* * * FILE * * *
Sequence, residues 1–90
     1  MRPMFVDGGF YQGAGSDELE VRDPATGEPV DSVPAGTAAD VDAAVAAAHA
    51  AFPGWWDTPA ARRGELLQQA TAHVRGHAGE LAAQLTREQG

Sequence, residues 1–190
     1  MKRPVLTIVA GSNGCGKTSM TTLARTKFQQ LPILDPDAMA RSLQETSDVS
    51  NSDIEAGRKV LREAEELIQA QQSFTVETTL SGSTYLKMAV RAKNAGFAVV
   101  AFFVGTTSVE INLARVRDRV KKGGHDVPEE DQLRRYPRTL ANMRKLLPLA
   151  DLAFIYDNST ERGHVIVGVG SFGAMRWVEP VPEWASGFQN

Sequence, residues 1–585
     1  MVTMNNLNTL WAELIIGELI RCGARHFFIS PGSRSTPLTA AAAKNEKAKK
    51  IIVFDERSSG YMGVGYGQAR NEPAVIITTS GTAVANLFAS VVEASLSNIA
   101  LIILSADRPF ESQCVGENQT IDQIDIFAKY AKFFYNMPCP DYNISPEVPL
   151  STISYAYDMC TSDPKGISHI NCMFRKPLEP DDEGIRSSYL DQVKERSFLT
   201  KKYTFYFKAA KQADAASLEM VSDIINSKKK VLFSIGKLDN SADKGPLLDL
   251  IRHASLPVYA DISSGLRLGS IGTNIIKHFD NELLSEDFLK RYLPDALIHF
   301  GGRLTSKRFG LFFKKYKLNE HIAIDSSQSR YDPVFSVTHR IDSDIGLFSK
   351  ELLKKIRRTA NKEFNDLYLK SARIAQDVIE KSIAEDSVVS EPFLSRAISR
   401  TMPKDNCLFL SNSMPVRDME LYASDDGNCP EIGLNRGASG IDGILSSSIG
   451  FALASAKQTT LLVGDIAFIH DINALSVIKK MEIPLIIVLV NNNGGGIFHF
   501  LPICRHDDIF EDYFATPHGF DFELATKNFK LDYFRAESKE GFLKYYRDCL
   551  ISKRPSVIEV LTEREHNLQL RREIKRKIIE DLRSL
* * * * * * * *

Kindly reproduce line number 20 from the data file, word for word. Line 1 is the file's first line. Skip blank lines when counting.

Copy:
   501  LPICRHDDIF EDYFATPHGF DFELATKNFK LDYFRAESKE GFLKYYRDCL